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Risk perception, emotion and policy: the case of nuclear technology


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    This paper addresses the general question of the role of emotions in risk management, with an application to the siting of a repository for spent nuclear fuel. Although it is true that such siting has been very difficult to carry out without meeting with strong local opposition, there are some exceptions in recent Swedish experience. This recent experience constitutes an occasion for reconsidering the received message from risk perception research since the 1970s. This research has purportedly demonstrated a very strong impact of emotional processes on risk attitudes, which in turn is supposed to imply that these attitudes are rigid and unchangeable. However, when this assertion is looked at more closely, it is found that a number of questionable assumptions and overly strong generalizations have been made. The central role played by the concept of dread is particularly important. Dread, or a gut reaction , is by no means demonstrated in the traditional selection of hazard attributes, which contain such dimensions as concern for future generations or voluntariness. Such dimensions may have a relationship to emotional processes but they are not emotional per se and their emotional significance remains to be documented. The items that do measure emotional reactions directly, by asking about fear and anxiety, are found in data on nuclear waste repository siting to have only a weak influence on policy attitudes. The most important weight is instead carried by items measuring the expected severity of consequences . The argument is, in a concluding section, carried to the level of attitudes to technologies, which may or may not be related to perceived risk. It is found that an important role is played by substitutability of a technology. If people see no good substitute for a technology that has important benefits, they are ready to accept the risks. The current situation in Sweden with regard to nuclear power can be understood in this light, since no realistic alternatives are available.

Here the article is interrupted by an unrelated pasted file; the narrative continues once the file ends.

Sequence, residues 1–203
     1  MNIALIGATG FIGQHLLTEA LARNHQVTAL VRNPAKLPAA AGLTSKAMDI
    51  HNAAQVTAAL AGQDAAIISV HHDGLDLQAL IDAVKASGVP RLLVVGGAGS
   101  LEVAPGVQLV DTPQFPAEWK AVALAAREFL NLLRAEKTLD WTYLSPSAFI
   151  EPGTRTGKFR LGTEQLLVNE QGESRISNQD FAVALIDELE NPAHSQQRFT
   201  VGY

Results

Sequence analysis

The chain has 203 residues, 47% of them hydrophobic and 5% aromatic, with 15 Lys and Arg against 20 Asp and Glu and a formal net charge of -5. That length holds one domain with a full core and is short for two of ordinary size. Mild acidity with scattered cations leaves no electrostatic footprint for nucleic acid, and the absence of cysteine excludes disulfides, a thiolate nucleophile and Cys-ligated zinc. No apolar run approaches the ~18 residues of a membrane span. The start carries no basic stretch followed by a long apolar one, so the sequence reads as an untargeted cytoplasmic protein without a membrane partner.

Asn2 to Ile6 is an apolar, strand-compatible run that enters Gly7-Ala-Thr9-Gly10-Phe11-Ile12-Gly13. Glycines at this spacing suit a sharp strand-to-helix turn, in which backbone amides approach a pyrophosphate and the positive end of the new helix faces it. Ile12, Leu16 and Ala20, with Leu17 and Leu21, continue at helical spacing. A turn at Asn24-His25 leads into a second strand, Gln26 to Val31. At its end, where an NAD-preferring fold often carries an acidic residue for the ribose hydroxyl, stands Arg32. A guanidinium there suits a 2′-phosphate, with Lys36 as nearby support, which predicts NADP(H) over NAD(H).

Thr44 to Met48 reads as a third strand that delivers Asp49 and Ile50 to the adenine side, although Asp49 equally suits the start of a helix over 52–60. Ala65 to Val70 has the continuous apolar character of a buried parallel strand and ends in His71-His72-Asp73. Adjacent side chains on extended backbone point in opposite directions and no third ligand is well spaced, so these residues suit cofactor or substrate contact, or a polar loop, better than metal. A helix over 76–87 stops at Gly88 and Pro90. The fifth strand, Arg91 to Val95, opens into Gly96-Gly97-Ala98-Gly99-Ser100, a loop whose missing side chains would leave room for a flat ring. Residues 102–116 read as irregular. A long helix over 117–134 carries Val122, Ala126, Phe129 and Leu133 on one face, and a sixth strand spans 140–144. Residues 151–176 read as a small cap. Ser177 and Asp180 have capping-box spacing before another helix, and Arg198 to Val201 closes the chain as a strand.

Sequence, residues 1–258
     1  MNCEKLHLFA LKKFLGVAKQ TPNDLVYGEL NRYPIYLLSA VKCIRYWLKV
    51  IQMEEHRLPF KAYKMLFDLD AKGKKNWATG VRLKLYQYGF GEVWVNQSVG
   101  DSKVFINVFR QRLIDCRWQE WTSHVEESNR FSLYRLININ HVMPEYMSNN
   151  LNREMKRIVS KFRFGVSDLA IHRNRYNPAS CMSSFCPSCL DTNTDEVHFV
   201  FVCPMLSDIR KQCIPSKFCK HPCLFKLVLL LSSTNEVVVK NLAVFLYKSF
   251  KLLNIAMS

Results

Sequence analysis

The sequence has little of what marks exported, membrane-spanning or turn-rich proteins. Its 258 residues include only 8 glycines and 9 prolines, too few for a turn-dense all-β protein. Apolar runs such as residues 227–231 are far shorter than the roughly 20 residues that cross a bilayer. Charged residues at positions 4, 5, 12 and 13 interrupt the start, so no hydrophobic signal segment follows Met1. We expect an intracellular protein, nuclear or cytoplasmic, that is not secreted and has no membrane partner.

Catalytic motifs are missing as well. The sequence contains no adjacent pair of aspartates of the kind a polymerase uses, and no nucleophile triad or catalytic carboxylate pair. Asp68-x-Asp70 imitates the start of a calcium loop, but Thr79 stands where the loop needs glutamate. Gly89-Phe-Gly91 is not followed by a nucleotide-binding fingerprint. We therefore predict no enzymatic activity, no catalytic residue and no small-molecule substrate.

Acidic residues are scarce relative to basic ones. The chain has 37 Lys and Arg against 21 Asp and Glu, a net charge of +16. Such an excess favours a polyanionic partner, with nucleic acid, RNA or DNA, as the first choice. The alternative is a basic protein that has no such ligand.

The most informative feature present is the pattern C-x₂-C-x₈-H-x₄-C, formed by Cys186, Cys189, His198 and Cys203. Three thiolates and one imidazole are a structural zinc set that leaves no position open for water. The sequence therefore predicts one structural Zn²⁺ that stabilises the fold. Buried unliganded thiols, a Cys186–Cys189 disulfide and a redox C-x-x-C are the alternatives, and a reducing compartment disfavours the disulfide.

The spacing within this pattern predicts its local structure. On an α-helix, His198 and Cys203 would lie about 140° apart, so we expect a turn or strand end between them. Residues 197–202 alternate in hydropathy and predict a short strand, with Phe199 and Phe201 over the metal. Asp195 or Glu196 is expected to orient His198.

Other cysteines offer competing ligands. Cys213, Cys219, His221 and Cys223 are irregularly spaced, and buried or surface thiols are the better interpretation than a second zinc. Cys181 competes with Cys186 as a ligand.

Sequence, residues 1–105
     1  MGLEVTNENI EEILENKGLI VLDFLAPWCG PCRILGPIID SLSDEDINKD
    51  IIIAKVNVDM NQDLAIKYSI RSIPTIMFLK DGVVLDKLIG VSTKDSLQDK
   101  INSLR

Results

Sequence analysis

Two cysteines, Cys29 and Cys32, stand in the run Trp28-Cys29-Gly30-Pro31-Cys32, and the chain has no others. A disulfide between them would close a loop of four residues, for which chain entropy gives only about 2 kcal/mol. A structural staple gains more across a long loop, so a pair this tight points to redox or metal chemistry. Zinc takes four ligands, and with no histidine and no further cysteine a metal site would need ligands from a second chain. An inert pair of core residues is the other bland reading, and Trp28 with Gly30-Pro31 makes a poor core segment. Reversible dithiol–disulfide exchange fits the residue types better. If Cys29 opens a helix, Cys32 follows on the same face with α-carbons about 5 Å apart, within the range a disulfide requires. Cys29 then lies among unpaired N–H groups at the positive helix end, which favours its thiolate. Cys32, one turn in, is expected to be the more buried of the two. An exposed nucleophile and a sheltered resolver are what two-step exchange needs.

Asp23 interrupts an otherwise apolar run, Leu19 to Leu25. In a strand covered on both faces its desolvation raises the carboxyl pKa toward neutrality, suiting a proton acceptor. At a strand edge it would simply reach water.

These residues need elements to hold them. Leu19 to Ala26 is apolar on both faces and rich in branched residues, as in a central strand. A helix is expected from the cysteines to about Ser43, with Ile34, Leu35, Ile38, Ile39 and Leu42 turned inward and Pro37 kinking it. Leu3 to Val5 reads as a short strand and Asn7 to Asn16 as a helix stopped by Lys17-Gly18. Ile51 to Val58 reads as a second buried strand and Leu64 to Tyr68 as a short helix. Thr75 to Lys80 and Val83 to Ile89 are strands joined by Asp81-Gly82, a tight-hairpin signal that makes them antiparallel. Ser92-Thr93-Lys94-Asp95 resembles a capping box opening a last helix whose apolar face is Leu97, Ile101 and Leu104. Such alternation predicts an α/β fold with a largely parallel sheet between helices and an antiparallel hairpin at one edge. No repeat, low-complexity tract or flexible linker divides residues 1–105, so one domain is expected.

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    Bibliographic Info

    Article provided by Cambridge University Press in its journal European Review.

    Volume (Year): 11 (2003)
    Issue (Month): 01 (February)
    Pages: 109-128

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    Handle: RePEc:cup:eurrev:v:11:y:2003:i:01:p:109-128_00

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